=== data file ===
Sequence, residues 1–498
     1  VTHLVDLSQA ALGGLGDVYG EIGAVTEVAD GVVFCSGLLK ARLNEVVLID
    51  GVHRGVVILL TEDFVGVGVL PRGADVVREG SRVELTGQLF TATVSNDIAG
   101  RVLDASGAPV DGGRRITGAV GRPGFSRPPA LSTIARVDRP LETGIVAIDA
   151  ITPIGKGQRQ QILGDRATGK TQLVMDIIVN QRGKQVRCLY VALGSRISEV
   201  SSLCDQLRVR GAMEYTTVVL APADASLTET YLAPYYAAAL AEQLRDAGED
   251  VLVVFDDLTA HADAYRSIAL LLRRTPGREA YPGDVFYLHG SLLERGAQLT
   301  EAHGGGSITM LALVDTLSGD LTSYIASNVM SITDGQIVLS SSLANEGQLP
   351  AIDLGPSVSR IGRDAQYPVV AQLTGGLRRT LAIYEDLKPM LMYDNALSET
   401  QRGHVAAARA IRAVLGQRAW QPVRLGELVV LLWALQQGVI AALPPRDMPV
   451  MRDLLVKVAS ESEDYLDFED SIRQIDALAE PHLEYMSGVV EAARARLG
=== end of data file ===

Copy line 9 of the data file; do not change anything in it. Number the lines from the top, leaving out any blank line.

   351  AIDLGPSVSR IGRDAQYPVV AQLTGGLRRT LAIYEDLKPM LMYDNALSET